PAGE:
Microservices

Design event-driven integrations with Kamelets and Camel K

Design event-driven integrations with Kamelets and Camel K

The Kamelet is a concept introduced near the end of 2020 by Camel K to simplify the design of complex system integrations. If you’re familiar with the Camel ecosystem, you know that Camel offers many components for integrating existing systems. An integration’s granularity is related to its low-level components, however. With Kamelets you can reason at a higher level of abstraction than with Camel alone.

A Kamelet is a document specifying an integration flow. A Kamelet uses Camel components and enterprise integration patterns (EIPs) to describe a system’s behavior. You can reuse a Kamelet abstraction in any integration on top of a Kubernetes cluster. You can use any of Camel’s domain-specific languages (DSLs) to write a Kamelet, but the most natural choice is the YAML DSL. The YAML DSL is designed to specify input and output formats, so any integration developer knows beforehand what kind of data to expect.

A Kamelet also serves as a source or sink of events, making Kamelets the building blocks of an event-driven architecture. Later in the article, I will introduce the concept of source and sink events and how to use them in an event-driven architecture with Kamelets.

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Using Dekorate to generate Kubernetes manifests for Java applications

Using Dekorate to generate Kubernetes manifests for Java applications

To deploy an application on Kubernetes or Red Hat OpenShift, you first need to create objects to allow the platform to install an application from a container image. Then, you need to launch the application using a pod and expose it as a service with a static IP address. Doing all of that can be tedious, but there are ways to simplify the process.

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Integrating Spring Boot with Red Hat Integration Service Registry

Integrating Spring Boot with Red Hat Integration Service Registry

Most of the new cloud-native applications and microservices designs are based on event-driven architecture (EDA), responding to real-time information by sending and receiving information about individual events. This kind of architecture relies on asynchronous, non-blocking communication between event producers and consumers through an event streaming backbone such as Red Hat AMQ Streams running on top of Red Hat OpenShift. In scenarios where many different events are being managed, defining a governance model where each event is defined as an API is critical. That way, producers and consumers can produce and consume checked and validated events. We can use a service registry as a datastore for events defined as APIs.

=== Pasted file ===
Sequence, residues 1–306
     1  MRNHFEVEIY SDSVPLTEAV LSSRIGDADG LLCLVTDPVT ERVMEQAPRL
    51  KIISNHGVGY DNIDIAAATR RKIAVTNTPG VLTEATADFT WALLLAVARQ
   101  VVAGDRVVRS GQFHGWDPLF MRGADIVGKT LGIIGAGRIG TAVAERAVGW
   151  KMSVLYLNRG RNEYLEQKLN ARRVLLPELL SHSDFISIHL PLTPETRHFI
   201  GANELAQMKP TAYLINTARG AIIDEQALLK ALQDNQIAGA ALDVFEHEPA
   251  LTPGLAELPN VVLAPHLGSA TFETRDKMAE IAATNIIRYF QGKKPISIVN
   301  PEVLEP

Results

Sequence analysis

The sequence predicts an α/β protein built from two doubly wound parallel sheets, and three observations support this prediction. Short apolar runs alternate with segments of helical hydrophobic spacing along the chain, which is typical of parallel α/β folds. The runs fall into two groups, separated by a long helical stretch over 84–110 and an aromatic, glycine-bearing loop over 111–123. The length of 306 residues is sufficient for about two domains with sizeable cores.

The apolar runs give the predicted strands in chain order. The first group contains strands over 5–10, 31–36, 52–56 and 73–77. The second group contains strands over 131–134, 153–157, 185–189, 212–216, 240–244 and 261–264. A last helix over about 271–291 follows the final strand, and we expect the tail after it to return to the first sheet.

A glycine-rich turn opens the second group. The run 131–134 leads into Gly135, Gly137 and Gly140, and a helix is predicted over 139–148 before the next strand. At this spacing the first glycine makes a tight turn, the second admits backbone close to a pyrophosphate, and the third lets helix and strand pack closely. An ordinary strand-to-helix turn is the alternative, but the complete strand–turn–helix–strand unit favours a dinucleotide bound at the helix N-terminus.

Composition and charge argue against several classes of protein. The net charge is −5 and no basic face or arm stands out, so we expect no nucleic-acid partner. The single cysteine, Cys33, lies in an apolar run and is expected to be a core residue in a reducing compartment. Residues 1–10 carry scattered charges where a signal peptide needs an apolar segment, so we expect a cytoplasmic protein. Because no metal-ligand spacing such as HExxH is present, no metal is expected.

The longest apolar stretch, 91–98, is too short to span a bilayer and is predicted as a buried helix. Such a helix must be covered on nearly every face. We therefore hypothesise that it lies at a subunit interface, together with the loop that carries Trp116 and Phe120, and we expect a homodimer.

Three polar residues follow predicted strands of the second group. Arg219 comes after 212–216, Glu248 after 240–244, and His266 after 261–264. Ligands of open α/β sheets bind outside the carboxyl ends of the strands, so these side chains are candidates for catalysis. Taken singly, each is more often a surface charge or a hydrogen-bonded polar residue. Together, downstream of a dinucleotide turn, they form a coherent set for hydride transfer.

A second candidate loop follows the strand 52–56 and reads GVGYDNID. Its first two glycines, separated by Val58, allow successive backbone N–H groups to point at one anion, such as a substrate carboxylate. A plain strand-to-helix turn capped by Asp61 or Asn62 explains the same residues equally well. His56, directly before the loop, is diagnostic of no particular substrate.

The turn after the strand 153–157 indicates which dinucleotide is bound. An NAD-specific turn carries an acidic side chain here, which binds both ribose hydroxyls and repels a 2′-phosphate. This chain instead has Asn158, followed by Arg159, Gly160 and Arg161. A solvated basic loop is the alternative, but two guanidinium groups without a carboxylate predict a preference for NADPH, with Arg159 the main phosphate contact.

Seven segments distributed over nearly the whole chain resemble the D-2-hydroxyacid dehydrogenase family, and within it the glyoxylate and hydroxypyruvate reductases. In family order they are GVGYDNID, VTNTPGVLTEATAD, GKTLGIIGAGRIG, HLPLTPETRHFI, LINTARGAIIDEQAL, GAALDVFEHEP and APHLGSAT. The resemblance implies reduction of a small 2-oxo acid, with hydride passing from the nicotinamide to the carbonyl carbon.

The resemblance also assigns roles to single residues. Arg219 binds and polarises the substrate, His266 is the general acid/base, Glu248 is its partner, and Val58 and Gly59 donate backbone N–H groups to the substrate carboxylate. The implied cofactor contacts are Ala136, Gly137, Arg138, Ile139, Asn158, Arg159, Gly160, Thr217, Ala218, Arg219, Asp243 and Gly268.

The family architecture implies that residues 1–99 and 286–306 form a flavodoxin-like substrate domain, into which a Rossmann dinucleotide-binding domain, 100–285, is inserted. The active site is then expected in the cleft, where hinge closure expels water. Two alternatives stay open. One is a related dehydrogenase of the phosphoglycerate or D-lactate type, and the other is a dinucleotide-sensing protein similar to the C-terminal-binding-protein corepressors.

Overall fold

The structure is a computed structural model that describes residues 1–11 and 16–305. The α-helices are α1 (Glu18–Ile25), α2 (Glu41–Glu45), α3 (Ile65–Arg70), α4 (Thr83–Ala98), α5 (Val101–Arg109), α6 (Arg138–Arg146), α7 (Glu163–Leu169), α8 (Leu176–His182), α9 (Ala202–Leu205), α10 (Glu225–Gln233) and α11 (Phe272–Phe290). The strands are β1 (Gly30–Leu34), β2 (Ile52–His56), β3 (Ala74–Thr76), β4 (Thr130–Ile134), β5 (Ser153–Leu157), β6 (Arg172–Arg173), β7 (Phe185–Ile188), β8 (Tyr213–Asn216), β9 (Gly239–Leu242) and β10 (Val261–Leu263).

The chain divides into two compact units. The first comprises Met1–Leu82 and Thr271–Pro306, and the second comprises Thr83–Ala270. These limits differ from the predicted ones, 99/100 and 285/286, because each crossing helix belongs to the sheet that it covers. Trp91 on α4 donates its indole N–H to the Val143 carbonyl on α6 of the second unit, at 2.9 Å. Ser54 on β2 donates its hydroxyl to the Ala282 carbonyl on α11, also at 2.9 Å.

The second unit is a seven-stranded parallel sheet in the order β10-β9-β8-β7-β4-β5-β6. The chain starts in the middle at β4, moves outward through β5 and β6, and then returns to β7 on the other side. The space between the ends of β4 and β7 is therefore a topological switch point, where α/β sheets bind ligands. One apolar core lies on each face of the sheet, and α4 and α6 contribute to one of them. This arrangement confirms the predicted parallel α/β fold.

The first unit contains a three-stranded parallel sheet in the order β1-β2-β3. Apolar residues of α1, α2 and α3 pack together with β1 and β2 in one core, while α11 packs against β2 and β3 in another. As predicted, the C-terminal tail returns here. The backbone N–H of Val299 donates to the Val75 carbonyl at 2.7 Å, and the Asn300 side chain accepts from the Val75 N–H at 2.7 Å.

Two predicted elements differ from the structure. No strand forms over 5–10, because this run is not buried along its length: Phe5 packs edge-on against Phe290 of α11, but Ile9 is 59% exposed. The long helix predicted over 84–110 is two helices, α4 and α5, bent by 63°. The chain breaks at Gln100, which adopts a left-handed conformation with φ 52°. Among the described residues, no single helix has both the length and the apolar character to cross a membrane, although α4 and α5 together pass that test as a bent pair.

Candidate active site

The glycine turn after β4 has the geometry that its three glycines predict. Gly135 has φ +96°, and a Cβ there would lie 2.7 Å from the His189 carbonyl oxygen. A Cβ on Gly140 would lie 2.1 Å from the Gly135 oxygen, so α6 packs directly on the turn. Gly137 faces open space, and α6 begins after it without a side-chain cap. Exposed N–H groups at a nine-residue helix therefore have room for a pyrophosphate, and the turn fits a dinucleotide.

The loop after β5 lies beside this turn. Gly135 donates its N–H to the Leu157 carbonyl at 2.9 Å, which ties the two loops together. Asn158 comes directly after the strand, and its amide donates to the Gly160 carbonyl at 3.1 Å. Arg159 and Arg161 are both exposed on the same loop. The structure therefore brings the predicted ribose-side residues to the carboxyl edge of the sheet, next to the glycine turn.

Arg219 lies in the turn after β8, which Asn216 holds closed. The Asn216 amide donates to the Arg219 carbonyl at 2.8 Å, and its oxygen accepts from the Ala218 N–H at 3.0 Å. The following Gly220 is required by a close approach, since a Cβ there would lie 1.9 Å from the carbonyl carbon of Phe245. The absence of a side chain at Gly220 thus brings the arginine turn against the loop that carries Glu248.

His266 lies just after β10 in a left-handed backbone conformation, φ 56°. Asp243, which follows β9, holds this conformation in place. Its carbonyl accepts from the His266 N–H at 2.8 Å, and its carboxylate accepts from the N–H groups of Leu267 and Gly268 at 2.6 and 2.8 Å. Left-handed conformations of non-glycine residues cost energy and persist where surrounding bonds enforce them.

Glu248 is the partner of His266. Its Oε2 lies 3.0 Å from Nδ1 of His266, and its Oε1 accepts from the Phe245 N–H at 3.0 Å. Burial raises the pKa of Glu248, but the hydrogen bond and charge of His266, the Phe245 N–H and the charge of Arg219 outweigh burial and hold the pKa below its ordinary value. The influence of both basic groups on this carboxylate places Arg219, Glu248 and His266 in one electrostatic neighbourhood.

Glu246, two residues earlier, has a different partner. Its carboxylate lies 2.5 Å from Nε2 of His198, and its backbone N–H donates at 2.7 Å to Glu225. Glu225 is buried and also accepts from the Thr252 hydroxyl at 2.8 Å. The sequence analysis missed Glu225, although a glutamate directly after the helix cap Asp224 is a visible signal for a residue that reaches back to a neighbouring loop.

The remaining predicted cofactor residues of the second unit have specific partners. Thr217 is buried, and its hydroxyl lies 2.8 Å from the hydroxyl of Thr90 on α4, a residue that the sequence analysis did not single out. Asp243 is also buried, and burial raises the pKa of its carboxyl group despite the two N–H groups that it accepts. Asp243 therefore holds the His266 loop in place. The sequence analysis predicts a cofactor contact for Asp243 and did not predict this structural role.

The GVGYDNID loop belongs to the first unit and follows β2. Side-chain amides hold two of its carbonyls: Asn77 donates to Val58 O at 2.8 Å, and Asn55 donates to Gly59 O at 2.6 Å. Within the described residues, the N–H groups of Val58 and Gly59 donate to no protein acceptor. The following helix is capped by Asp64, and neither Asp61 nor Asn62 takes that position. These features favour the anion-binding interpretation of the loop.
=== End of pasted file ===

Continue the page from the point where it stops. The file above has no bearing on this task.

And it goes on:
From my field experience working with many clients, I’ve found the most typical architecture consists of the following components:

In this article, you will learn how to easily integrate your Spring Boot applications with Red Hat Integration Service Registry, which is based on the open source Apicurio Registry.

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Spring Boot on Quarkus: Magic or madness?

Spring Boot on Quarkus: Magic or madness?

Quarkus is a Java stack tailored for OpenJDK HotSpot (or OpenJ9 on zSeries) and GraalVM, crafted from optimized Java libraries and standards. It is a good choice for building highly-scalable applications while using lower amounts of CPU and memory resources than other Java frameworks. These applications can be traditional web applications, serverless applications, or even functions as a service.

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Develop Eclipse MicroProfile applications on Red Hat JBoss Enterprise Application Platform XP 2.0

Develop Eclipse MicroProfile applications on Red Hat JBoss Enterprise Application Platform XP 2.0

This article shows you how to install Red Hat JBoss Enterprise Application Platform (JBoss EAP) XP 2.0.0 GA with support for Eclipse MicroProfile. Once you’ve enabled Eclipse MicroProfile, you will be able to use its quickstart examples to start developing your own MicroProfile applications with Red Hat CodeReady Studio. In this demonstration, you’ll learn two ways to build and run the MicroProfile Config quickstart application.

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